It is important to start early, as during the day can become very hot (I recommend going out with about 2 liters of water in the bag, because the next water source will find surely is about 3 hours above ). Before leaving, notify the office of CONAF the route, which serves to receive information about this. The starting point is the CONAF office, going through a gate behind it, through grazing land is being reforested with native forest. After walking about 30 minutes long climb, one passes through an area that burned in January 2008 for a "brilliant" that occurred to him and throw your cigarette smoke.

After a 20 minute walk (always go straight up and not take some of the smaller trails in the area has CONAF) one arrives at a small esplanade. Here is a house built by CONAF observation, a model that will be repeated 40 minutes later on the road in a clearing dominated by a large cypress tree. A few steps away lies a mat in the hottest months is usually dry.

Follow the path that keeps going up, yet surrounded by a forest dominated by ñirres and some cypress. After an hour the landscape start to change, leaving the forest entering an area covered by bushes and the soil is composed of small stones as if an avalanche had happened some years ago. It is in this place that can refill your water bottles. After a few minutes walk definitely opens Indian Valley ñirre covered by scrub, perceiving the Cerro Tres Puntas and Salto del Indio. About 40 minutes later one above CONAF Refuge and Camping El Bolson, where several campsites and a good stream. From this place has a good overview of the Devil Fang. To this place, with fitness and an appropriate load, are about 4 hours. If you left early, I recommend continuing on, otherwise the second day will be very long.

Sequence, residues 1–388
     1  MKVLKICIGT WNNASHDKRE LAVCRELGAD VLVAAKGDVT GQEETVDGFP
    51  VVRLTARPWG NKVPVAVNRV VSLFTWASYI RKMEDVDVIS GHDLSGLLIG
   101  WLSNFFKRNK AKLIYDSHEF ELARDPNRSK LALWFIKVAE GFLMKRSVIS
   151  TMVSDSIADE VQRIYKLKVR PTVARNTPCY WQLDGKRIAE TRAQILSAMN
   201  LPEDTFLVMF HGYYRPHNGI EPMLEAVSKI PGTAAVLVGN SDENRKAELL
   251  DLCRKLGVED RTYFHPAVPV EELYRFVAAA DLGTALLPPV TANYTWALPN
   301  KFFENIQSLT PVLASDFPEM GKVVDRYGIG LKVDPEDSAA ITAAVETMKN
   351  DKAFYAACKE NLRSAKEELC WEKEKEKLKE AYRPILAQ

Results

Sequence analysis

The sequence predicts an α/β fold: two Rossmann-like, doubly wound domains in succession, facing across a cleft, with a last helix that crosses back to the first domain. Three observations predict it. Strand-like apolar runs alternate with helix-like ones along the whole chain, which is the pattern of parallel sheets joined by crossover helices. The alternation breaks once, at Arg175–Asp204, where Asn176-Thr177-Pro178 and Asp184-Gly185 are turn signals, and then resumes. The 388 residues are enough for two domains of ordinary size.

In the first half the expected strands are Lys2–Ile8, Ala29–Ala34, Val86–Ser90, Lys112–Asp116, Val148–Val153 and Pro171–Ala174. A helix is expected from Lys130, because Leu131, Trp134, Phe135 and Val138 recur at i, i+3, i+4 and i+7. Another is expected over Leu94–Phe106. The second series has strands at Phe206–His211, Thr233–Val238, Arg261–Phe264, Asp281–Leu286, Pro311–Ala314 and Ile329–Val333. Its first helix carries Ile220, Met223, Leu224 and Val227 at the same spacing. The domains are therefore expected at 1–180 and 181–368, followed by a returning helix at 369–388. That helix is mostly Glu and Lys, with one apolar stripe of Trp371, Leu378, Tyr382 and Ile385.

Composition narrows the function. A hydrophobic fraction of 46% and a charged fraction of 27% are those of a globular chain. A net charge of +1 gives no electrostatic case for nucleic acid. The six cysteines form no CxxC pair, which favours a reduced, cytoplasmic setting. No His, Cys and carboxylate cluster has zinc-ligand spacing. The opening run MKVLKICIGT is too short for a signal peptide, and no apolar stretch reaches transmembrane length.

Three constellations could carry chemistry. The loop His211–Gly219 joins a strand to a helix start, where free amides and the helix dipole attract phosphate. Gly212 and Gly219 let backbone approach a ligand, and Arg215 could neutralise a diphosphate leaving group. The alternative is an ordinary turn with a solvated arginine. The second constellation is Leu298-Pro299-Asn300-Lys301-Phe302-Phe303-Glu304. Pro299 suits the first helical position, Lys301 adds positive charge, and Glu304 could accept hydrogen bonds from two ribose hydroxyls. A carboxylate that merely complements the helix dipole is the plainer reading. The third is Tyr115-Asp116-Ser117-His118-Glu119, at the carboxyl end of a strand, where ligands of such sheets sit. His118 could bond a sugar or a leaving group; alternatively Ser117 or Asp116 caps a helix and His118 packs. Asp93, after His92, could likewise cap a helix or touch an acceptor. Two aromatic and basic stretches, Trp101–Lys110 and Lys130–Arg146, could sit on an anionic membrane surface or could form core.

Shelter From the road climbs and passes through a first scrub ñirres sector. In this sector we must be careful because it is easy to lose the route (there are several spray-painted orange arrows pointing toward the river, NOT to follow). Among the options that you can "lose" is delivered directly to the Salto del Indio. After 20 minutes you come out of this first ñirres sector, following the path (in this area is clear) to enter a plain composed of sand and rocks swept away by the river and landslides in the hills north side of the road. About 10 minutes beyond one is empty with a sign, whose information was erased by the sun and snow.

Route to be missed, the cross is the rock. Photo courtesy of Andrew Roncagliolo

You can see a new ñirres sector, to be taken through the center of it. There is a 'square rock', almost like a table in the middle of a lawn (mowed religiously for horses and cows that roam), with the river right side. From this stone go straight until it touched the wall and follow ñirres left. After a few yards you will find the last miracle in this maze of thick ñirres (I lost myself in this industry when I did this trek). I recommend not taking it on the left side (above the line of the ñirres) or right (by river), why not see where the trail continues, losing the starting point of the hill to the Laguna de las Animas.

After emerging from this thicket of ñirres the road passes through the bed of an estuary, reaching another bush, less dense than the last. From the dry bed of the stream, facing Cerro Tres Puntas, clinging to the hillside which is toward the northeast, will see a sign indicating "Laguna de las Animas". From the sign, should take about 60 to 90 minutes to climb the hill (the path is clear), which has a couple of breaks with good views of the valley. In the saddle, may run a little wind.

The last part of the day is from the saddle, down to the Laguna de las Animas, a remarkable Andean lagoon with white sand beaches that invite a dip stick. To this place, from the Bolson should be 2 to 3 hours depending on the physical condition and accumulated fatigue of the day.